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Tarot of the Day

Ma’at – Justice

Ma’at – Justice

“I am the law of truth
The path of integrity
Preserver of the code
And in my heart justice lives
I weigh all the deeds against
My feather of truth
Then I give the lessons
I create the opportunities
I open the pathways
I graciously bestow
That which needs to be learned
To right all wrongs”j

Ma’at is the Egyptian Goddess of Justice. At the time of our deaths, she weighs our souls in her magickal scales against her Feather of Justice. If our souls are too heavy, she bars our entrance to the afterlife and sends us to her sister, the Goddess Amenhait, who in her hippo/crocodile/lion form, devours us for our transgressions.

Today, pray that Ma’at will intercede on behalf of Justice and a lifting of the darkness in the souls who live outside the Light! Stay safe! Many blessings!!!

Magickal Tools



Today, I am joining my friend, Ponsi, at the Buddhist Meditation Temple in Huber Heights for their open meal. As this happens to be the day that I also do my Tarot Tuesday live feed, I will go early and do the live video from there. This prompted me to want to explore the Temple as a magickal tool.

Temples have long been an important part of spiritual practices. Göbekli Tepe was founded about 11,500 years ago. Its circular compounds on top of a tell are composed by massive T-shaped stone pillars decorated with abstract, enigmatic pictograms and animal reliefs. It is arguably world’s oldest temple. Mount Ecclesia’s Temple with its round 12-sided building architecture set on top of a mesa and facing east, the rising Sun. The modern-day temple is ornamented with alchemical and astrological symbols. The Temple of Hephaestus, a Doric Greek temple in Athens with the original entrance facing east, was constructed in 449 BC, and in the 9th century, Borobudur, one of the largest Buddhist structures, located in Central Java, Indonesia, was built.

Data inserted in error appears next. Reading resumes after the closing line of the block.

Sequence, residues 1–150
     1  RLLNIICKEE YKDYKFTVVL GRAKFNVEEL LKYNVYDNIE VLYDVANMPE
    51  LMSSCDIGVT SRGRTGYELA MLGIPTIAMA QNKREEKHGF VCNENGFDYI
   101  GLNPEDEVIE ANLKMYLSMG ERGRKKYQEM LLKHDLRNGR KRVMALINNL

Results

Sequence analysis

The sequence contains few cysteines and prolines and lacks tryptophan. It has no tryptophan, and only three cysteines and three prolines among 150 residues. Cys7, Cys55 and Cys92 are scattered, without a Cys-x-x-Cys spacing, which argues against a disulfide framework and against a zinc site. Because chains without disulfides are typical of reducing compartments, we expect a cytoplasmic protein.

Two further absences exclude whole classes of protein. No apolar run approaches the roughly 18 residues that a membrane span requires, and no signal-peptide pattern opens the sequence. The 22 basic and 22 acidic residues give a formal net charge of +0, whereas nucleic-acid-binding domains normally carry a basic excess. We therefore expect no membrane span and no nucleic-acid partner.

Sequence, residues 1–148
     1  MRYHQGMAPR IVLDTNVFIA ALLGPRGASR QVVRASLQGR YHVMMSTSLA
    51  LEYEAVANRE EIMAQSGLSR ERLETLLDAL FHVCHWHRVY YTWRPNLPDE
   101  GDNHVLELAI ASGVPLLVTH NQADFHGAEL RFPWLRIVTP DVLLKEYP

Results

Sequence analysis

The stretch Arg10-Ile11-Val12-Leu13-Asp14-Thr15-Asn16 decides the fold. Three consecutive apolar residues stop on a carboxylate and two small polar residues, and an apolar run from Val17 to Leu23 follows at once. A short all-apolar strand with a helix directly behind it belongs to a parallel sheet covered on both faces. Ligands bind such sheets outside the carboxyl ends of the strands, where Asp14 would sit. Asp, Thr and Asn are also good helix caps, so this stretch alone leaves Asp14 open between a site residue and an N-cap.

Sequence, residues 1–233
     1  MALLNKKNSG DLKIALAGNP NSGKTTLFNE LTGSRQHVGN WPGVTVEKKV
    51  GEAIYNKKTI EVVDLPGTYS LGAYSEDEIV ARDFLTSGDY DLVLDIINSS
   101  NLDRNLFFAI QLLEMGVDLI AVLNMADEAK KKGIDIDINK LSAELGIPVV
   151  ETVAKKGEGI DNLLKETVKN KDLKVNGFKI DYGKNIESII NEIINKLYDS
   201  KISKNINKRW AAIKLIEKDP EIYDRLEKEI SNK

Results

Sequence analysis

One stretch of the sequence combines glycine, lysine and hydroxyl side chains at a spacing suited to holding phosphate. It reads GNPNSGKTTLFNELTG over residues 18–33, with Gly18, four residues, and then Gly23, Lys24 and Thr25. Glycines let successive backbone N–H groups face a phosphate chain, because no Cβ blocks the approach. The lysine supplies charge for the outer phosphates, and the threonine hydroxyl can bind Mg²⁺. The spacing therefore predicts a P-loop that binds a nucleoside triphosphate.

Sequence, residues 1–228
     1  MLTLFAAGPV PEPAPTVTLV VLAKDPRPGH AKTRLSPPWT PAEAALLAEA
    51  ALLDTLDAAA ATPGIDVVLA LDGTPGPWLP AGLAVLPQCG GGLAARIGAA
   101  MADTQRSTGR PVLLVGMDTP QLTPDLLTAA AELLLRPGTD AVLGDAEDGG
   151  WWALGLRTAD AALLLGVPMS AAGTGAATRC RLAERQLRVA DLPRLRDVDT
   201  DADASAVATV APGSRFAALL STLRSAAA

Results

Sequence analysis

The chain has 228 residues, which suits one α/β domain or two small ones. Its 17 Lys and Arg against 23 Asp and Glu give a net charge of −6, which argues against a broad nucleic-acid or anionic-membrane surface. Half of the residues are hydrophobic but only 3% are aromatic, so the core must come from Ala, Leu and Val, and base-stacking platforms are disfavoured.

A temple (from the Latin word templum) is a structure reserved for religious or spiritual rituals and activities such as prayer, meditation, and sacrifice. The term is typically used for such buildings belonging to all faiths where a more specific term such as church, mosque or synagogue is not generally used in English. These include Hinduism, Buddhism, and Jainism among religions with many modern followers, as well as other modern and ancient religions such as the Ancient Egyptians.

The form and function of a temple is thus very variable, though they are often considered by believers to be in some sense the “house” of one or more deities. Typically offerings of some sort are made to the deity, and other rituals enacted, and a special group of clergy maintain and operate the temple. The degree to which the whole population of believers can access the building varies significantly as well. Often parts or even the whole main building can only be accessed by the clergy. Temples typically have a main building and a larger precinct, which may contain many other buildings.